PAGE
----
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Russia deploys more peacekeepers to halt ‘Azerbaijani advance’ in Nagorno-Karabakh

29 March 2022
Russian peacekeepers in Nagorno-Karabakh. Photo via Telegram.

Russian peacekeepers in Nagorno-Karabakh have ‘deployed reserves’ in order to ‘block further advancement by the Azerbaijani army’ near the village of Parukh (Farukh).  

Azerbaijani forces had appeared to have withdrawn from Parukh by Tuesday, and Russian peacekeeping forces are currently stationed in the village. According to officials in Stepanakert (Khankandi), Azerbaijani forces remain stationed on the Armenian side of the line of contact including on a key strategic height near the village. 

Residents of Parukh were evacuated prior to the Azerbaijani advance and remain unable to return home.

Around 2,000 Russian peacekeepers were deployed to the conflict zone as part of the tripartite agreement brokered by Russia to bring an end to the 2020 Second Nagorno-Karabakh War.

The latest deployment by Russia was preceded by a statement on 26 March from the Russian Ministry of Defence accusing Azerbaijan of violating the agreement. They called on the Azerbaijani army to ‘retreat to its previous positions’, and leave the ‘zone of responsibility of the Russian peacekeeping contingent’. 

Tigran Grigoryan, a Yerevan-based political analyst, reported that in spite of the withdrawal of the Azerbaijani military from Parukh,  there had been a large military build-up near the Karaglukh height, one of the contested hills in the recent clashes.

‘It’s not about dozens of soldiers but a few hundred’, Grigoryan told OC Media

Just recently, Azerbaijani troops, according to Grigoryan, were freely passing through Parukh despite the presence of Russian peacekeepers, which makes the return of the village’s residents — who were forced to evacuate on 22 February — impossible. 

‘For now, the possibility of [military] escalation in that area is very high’, Grigoryan said.

Crossing the line of contact

On the evening of 24 March, the Azerbaijani military crossed the line of contact separating Armenian and Azerbaijani forces in Nagorno-Karabakh and entered Parukh and the surrounding areas. Three soldiers from the Nagorno-Karabakh Defence Forces were reported killed, and 14 wounded in clashes with Azerbaijani troops.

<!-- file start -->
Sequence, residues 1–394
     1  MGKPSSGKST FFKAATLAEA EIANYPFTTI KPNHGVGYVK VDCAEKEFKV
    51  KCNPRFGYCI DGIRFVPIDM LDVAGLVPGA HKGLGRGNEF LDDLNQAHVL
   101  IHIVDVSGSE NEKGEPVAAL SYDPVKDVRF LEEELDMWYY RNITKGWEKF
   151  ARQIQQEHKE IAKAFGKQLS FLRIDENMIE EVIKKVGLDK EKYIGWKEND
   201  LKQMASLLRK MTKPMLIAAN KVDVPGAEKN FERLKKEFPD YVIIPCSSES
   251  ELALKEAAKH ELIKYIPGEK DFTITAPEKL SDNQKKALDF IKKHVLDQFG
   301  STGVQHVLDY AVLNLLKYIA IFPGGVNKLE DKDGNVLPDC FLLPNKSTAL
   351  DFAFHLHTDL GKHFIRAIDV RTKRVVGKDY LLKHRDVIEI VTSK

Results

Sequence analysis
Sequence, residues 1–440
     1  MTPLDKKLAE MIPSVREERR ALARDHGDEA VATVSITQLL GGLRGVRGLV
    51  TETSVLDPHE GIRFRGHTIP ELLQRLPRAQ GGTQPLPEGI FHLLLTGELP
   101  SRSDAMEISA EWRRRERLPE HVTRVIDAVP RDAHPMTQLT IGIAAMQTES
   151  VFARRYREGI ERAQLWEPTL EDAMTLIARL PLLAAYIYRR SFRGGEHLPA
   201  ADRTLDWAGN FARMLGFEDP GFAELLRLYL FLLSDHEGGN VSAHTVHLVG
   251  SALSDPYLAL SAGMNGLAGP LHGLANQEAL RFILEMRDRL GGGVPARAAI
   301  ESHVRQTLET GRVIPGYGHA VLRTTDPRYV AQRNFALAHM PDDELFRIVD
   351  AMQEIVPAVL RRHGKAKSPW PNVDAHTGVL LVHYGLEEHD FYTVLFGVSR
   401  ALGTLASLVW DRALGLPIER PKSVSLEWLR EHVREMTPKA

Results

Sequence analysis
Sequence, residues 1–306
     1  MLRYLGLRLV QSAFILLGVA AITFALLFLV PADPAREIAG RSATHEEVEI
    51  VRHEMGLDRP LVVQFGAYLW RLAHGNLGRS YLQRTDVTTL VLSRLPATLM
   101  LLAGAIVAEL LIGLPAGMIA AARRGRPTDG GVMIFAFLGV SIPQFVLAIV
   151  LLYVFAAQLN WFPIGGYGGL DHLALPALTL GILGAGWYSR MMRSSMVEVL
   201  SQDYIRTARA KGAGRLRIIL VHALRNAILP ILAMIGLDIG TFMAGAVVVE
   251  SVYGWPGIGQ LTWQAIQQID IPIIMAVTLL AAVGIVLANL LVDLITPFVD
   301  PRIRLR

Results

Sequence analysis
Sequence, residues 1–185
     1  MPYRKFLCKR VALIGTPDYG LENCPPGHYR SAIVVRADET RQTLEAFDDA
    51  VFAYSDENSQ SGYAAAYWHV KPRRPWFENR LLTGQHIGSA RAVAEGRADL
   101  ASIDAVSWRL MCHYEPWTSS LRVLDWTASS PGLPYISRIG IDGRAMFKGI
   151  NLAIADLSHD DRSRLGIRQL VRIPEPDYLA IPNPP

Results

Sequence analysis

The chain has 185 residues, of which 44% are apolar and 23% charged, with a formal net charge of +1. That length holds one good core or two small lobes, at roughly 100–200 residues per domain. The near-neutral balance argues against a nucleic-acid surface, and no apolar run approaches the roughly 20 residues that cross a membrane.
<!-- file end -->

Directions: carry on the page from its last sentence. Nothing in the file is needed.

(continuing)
According to officials in Stepanakert and Moscow, Azerbaijan utilised Bayraktar combat drones during the engagement, though Baku has denied the claims. 

In response to a statement by Russia’s Ministry of Defence, the Azerbaijani Defence Ministry redirected accusations of violating the tripartite declaration toward Armenia.

‘The complete withdrawal of the remnants of the Armenian army and illegal Armenian armed groups from the territory of Azerbaijan has not yet been implemented’, the statement reads. ‘It is Armenia, not Azerbaijan, that violates the provisions of the declaration.’

According to point four of the tripartite declaration, Russian peacekeepers were to be deployed alongside the ‘withdrawal of the Armenian troops’. 

Armenia has argued that this referred to their withdrawal from seven districts surrounding Nagorno-Karabakh which were handed over to Azerbaijan. The declaration also does not explicitly mention the Nagorno-Karabakh Defence Forces, which are made up of local residents.

Despite denying that they violated the tripartite declaration, the Azerbaijani Ministry of Defence admitted to the advances made by the Azerbaijani army across the line of contact into Parukh and ‘surrounding heights’ which they wrote, are ‘sovereign territories of our country’. The Ministry also denied that their troops had withdrawn from ‘those positions’.

‘Our army is in full control of the operation’, the statement reads. 

The Ministry also accused Russia of violating the ‘essence of bilateral relations’ as well as the Declaration on Allied Interaction, signed by Russian President Vladimir Putin and Azerbaijani President Ilham Aliyev on 22 February.  

[Read more: Azerbaijan’s ‘neutrality’ and the Declaration of Allied Interaction with Russia]

 For ease of reading, we choose not to use qualifiers such as ‘de facto’, ‘unrecognised’, or ‘partially recognised’ when discussing institutions or political positions within Abkhazia, Nagorno-Karabakh, and South Ossetia. This does not imply a position on their status.

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